Mesothelioma is a cancer that is almost exclusively related to asbestos exposure, either through working directly with asbestos products or being in close proximity to someone who has been exposed to asbestos products. If you or a loved one has been diagnosed with mesothelioma, there are legal options available to you to help pay for the expenses related to treatment.

Asbestos Use

In the United States, it has been estimated that there are more than 5,000 products that are commonly used that have asbestos in them. Asbestos is a mined mineral that has been mined in the United States since the 1800s. However, it did not come into extensive use until after World War II, where it was used in almost everything from textiles to construction materials to playground materials to brakes.

While asbestos can be found extensively in manufacturing, construction and demolition, railroad and the automotive industries, there are also many other industries that have continued to use products and materials with high levels of asbestos, despite the risks of these activities being known for many years now.

September 11 Recovery Workers

One of the groups of workers that have shown a sudden spike in being diagnosed with mesothelioma are firefighters and recovery workers who worked in the efforts at the World Trade Center site in New York City after the terrorist attacks on September 11, 2001. These workers were exposed to horrific amounts of asbestos fibers in the demolition and destroyed building materials.

Unlike other mesothelioma victims, however, 9/11 recovery workers have developed symptoms much earlier and been diagnosed with mesothelioma a mere few years after asbestos exposure. Typically, mesothelioma does not develop until many years after exposure to asbestos fibers – as long as 30 years or longer. This difference is a good indication of the surprisingly high levels of asbestos exposure 9/11 recovery workers were subject to after the terrorist attacks.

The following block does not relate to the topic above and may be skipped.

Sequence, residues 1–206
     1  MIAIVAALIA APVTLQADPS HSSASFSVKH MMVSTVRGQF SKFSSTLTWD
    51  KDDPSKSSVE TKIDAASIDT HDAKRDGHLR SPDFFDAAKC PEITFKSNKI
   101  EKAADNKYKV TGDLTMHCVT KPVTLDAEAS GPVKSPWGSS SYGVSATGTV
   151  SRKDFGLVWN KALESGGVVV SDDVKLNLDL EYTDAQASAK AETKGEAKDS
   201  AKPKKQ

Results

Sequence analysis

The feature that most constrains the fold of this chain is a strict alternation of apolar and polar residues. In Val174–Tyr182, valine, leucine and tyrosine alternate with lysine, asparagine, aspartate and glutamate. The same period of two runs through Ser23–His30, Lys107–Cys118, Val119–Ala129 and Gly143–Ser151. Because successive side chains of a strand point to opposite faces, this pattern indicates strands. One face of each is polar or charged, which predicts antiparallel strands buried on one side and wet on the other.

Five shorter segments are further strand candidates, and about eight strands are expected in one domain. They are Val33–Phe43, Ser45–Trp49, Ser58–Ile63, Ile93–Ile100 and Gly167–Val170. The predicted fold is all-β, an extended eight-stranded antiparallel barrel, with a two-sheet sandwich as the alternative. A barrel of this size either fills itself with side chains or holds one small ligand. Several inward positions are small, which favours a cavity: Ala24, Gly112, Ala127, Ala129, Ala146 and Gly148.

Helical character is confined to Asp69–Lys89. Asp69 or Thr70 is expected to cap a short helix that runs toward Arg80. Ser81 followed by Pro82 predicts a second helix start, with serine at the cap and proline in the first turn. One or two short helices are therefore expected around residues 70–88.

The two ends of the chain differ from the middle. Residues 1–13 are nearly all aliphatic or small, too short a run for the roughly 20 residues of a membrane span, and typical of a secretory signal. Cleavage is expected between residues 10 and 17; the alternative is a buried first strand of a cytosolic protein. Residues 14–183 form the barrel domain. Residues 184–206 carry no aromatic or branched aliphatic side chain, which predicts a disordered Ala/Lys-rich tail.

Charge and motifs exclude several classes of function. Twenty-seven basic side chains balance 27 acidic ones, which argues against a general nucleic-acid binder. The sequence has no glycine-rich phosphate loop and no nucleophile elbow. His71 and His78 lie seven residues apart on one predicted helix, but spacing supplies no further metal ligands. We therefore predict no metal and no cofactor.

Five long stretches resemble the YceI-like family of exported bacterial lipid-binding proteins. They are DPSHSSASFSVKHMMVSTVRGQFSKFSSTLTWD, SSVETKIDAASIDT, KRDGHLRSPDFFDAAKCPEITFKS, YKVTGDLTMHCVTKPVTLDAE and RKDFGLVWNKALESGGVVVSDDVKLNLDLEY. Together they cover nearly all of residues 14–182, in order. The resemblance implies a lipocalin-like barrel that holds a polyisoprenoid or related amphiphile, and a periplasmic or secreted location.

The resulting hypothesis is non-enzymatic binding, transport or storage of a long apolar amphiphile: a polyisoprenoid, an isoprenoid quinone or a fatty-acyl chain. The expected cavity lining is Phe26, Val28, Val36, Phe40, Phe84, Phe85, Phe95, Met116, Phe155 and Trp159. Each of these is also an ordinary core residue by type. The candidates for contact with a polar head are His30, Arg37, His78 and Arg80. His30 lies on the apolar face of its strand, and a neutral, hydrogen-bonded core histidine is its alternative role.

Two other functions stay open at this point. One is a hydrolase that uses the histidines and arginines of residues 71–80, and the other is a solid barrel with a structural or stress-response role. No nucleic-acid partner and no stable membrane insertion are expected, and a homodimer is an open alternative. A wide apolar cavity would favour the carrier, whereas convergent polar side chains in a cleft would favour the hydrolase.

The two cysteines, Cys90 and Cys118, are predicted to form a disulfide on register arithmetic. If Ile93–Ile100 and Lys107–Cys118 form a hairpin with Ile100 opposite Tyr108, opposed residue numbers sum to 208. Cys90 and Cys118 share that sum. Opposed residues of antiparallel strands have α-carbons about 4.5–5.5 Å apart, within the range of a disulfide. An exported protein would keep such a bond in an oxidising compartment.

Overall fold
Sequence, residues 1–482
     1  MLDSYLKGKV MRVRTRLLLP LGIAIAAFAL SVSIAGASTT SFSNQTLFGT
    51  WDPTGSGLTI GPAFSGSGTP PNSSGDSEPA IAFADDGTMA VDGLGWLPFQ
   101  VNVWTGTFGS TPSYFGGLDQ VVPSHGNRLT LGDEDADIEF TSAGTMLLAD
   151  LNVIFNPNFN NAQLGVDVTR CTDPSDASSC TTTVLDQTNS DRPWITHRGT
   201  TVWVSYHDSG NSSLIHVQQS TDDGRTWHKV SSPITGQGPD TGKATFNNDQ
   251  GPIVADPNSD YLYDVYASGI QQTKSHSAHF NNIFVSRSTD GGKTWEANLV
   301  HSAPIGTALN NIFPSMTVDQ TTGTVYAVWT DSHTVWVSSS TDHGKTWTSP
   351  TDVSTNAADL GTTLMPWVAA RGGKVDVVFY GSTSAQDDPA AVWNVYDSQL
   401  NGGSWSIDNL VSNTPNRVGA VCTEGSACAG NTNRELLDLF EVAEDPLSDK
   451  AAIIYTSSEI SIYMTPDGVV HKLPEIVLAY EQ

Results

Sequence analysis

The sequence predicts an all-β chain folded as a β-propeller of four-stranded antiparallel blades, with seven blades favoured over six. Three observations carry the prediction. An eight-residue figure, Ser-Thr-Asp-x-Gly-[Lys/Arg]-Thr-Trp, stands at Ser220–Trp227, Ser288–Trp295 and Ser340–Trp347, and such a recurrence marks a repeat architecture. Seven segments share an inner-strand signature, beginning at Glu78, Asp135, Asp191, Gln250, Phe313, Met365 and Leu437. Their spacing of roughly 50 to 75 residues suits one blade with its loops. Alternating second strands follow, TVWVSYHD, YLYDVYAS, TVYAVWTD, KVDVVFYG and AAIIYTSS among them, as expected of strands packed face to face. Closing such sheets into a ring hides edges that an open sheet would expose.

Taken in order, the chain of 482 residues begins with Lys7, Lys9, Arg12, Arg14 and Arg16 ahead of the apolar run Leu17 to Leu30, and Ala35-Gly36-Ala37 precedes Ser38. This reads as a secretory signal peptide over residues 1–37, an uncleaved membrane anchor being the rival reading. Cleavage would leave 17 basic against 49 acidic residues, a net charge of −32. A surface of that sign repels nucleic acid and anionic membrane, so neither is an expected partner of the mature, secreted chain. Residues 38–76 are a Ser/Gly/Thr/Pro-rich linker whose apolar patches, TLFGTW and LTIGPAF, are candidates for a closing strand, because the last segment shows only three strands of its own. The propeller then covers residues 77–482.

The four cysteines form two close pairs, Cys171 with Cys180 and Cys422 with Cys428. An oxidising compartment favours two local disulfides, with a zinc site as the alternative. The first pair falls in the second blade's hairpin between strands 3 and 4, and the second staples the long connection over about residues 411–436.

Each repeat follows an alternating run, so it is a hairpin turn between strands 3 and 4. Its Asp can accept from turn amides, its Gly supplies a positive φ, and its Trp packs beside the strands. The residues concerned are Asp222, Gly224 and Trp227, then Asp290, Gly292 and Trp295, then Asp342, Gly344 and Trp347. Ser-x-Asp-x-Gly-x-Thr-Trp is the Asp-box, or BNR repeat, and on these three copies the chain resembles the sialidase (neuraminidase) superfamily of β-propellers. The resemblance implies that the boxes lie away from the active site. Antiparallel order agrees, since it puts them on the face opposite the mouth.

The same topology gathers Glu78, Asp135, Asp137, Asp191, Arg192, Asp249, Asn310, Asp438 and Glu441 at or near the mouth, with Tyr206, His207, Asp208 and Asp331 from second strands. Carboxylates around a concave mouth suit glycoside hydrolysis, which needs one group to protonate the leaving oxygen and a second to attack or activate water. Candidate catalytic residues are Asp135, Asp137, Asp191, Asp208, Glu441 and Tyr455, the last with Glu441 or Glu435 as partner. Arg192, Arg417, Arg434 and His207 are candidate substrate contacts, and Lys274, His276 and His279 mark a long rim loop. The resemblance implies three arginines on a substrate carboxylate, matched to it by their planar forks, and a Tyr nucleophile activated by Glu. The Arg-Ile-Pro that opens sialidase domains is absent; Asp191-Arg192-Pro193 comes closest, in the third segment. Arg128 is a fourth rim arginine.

Development of Mesothelioma

Mesothelial cells are located in the membrane linings of the body. The most common forms of mesothelioma are pleural and abdominal or peritoneal. The pleura is located in the chest and covers the lungs; the peritoneum is the membrane that covers the intestinal and digestive tract. Asbestos fibers become lodged between the mesothelial cells, which become irritated and inflamed. In response, cancerous tissue develops.

Initial symptoms of mesothelioma can be extremely vague, which is why it is typical for people to be diagnosed with mesothelioma in the later stages of the illness. Pleural symptoms include a dry cough, chest pain, difficulty breathing, and pain when drawing a breath. Abdominal symptoms include constipation, diarrhea, lumps or masses in the abdomen, fever, night sweats and unexplained changes in weight.

In order to be diagnosed with mesothelioma, not only does a thorough and complete history need to be taken with a physical exam, but also x-rays, CT scans and ultrasound will show accumulation of fluid in the mesothelial membranes.

Treatment

Although there is no cure once a person is diagnosed with mesothelioma, treatment options include pain management, surgery, radiation and chemotherapy. For some patients it may be necessary to go through radiation treatment to reduce the size of tumors before surgery. Also, intracellular injection of medications after surgery has been shown to be an effective treatment.